Is spinal manipulative therapy (SMT) dangerous? This question has kept us on this blog busy for quite some time now. To me, there is little doubt that SMT can cause adverse effects some of which are serious. But many chiropractors seem totally unconvinced. Perhaps this new overview of reviews might help to clarify the issue. Its aim was to elucidate and quantify the risk of serious adverse events (SAEs) associated with SMT.
The authors searched five electronic databases from inception to December 8, 2015 and included reviews on any type of studies, patients, and SMT technique. The primary outcome was SAEs. The quality of the included reviews was assessed using a measurement tool to assess systematic reviews (AMSTAR). Since there were insufficient data for calculating incidence rates of SAEs, they used an alternative approach; the conclusions regarding safety of SMT were extracted for each review, and the communicated opinion were judged by two reviewers independently as safe, harmful, or neutral/unclear. Risk ratios (RRs) of a review communicating that SMT is safe and meeting the requirements for each AMSTAR item, were calculated.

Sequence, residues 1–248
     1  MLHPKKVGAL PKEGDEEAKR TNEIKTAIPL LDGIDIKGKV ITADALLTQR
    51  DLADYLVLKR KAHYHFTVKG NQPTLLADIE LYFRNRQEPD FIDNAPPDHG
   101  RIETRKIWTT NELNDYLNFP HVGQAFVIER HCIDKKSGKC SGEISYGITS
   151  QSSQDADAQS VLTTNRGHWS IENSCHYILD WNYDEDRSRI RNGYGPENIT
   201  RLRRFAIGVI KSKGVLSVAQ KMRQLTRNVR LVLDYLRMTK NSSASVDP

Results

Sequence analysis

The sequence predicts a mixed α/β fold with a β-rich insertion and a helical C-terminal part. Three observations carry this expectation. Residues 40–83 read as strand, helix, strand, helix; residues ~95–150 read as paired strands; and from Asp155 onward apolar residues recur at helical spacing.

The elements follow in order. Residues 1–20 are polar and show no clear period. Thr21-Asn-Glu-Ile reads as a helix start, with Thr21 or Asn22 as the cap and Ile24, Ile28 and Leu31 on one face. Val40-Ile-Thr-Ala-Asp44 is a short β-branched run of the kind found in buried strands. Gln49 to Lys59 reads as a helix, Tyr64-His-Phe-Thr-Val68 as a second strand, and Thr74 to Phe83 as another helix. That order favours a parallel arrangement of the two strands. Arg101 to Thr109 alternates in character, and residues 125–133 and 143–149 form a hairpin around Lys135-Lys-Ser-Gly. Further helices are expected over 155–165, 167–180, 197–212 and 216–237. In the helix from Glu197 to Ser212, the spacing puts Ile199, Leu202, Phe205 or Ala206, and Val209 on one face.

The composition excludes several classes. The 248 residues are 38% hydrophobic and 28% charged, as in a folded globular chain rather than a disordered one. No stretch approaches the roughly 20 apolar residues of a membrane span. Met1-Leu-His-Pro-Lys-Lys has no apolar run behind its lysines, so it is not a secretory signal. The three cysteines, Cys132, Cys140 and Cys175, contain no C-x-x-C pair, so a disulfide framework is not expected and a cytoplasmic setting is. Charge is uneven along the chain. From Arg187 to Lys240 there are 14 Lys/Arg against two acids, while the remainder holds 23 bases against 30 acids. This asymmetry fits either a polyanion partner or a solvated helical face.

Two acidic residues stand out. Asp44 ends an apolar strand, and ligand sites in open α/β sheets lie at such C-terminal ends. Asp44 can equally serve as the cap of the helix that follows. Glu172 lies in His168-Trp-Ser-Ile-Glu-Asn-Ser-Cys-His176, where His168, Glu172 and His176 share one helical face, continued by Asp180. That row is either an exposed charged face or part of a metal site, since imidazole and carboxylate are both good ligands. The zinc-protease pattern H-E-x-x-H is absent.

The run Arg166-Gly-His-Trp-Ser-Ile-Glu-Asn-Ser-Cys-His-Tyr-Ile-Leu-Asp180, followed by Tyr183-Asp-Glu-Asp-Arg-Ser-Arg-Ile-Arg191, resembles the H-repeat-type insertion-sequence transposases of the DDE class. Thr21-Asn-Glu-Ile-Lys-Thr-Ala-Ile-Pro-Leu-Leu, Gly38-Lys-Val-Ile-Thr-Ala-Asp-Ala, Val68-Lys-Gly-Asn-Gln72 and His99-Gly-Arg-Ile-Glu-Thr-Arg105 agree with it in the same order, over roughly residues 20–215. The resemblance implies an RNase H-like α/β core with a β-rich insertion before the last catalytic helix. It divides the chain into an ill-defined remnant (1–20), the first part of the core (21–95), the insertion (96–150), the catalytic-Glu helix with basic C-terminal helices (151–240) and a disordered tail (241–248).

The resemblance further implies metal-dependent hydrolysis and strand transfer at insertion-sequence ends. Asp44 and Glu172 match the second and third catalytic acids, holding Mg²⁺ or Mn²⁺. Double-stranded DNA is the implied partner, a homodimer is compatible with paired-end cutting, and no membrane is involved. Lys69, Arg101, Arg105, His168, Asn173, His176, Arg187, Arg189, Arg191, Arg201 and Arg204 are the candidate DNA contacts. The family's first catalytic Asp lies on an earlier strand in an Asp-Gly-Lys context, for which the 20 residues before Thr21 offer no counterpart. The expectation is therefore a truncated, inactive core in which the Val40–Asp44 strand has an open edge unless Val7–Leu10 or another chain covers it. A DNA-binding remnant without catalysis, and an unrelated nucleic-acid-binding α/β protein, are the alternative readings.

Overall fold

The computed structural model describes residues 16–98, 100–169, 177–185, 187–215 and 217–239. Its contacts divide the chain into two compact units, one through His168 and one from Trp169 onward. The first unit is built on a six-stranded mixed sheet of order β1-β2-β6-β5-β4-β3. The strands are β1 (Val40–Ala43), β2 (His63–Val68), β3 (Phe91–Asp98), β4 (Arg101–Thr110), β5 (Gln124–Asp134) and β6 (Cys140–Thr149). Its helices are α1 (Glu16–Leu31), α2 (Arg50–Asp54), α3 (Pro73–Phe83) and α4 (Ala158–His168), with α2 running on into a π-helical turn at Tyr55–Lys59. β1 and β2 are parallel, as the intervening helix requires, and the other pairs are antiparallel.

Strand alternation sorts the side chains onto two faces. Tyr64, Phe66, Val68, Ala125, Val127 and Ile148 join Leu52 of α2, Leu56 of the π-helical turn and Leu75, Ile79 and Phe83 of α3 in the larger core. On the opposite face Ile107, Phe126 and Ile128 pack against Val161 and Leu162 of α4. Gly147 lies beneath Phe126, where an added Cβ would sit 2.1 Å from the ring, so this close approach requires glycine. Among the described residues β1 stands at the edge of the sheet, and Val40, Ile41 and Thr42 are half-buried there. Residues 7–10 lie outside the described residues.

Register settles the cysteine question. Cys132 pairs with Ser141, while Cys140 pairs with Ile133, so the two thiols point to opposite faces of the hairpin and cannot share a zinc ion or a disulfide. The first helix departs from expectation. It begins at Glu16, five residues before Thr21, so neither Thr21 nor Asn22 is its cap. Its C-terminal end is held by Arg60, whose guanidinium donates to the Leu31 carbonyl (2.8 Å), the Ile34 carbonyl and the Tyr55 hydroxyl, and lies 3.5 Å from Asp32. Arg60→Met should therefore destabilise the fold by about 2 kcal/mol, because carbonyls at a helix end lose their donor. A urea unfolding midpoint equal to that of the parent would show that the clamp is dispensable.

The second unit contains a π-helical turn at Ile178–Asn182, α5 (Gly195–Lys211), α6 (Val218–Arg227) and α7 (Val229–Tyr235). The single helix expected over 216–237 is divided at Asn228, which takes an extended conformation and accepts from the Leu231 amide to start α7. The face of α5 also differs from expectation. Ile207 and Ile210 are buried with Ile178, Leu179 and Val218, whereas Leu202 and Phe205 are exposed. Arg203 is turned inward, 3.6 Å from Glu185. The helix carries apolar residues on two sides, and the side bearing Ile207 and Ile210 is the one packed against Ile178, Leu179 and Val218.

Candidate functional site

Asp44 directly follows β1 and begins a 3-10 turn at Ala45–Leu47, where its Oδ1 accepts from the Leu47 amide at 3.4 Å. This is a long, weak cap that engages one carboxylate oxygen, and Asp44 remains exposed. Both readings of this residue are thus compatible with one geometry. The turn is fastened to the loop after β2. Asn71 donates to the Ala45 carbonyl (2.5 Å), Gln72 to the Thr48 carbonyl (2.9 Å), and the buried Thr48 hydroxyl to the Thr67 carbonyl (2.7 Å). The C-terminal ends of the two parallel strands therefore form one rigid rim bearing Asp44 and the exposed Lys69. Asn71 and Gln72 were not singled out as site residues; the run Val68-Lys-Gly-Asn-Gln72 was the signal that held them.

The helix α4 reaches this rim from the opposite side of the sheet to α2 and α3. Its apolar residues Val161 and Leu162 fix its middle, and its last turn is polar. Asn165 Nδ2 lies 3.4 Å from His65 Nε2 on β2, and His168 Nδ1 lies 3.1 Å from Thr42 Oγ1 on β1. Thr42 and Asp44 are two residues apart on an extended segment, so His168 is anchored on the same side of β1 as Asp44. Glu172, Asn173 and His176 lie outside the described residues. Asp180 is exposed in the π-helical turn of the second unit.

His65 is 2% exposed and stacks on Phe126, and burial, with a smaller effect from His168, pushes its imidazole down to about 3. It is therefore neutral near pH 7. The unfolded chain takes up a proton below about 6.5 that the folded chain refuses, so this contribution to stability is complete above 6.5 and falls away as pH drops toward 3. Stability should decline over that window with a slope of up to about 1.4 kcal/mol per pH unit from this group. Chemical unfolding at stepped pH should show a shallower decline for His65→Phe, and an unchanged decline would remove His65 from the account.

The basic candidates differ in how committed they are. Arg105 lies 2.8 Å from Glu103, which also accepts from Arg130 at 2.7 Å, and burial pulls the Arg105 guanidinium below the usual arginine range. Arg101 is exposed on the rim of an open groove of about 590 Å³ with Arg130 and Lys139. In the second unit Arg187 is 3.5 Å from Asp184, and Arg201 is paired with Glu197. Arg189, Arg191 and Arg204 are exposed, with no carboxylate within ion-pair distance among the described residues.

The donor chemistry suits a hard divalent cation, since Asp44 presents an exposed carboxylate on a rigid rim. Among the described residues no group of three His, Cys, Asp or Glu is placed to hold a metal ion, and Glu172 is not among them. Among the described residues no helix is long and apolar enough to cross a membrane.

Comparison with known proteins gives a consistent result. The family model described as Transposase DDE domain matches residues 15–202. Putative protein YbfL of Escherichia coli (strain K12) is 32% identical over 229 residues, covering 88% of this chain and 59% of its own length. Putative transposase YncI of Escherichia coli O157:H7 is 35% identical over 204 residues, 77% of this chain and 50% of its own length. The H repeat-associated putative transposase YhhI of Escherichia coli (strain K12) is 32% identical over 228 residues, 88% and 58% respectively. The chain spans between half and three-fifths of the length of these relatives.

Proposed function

A total of 283 eligible reviews were identified, but only 118 provided data for synthesis. The most frequently described adverse events (AEs) were stroke, headache, and vertebral artery dissection. Fifty-four reviews (46%) expressed that SMT is safe, 15 (13%) expressed that SMT is harmful, and 49 reviews (42%) were neutral or unclear. Thirteen reviews reported incidence estimates for SAEs, roughly ranging from 1 in 20,000 to 1 in 250,000,000 manipulations. Low methodological quality was present, with a median of 4 of 11 AMSTAR items met (interquartile range, 3 to 6). Reviews meeting the requirements for each of the AMSTAR items (i.e. good internal validity) had a higher chance of expressing that SMT is safe.
The authors concluded that it is currently not possible to provide an overall conclusion about the safety of SMT; however, the types of SAEs reported can indeed be significant, sustaining that some risk is present. High quality research and consistent reporting of AEs and SAEs are needed.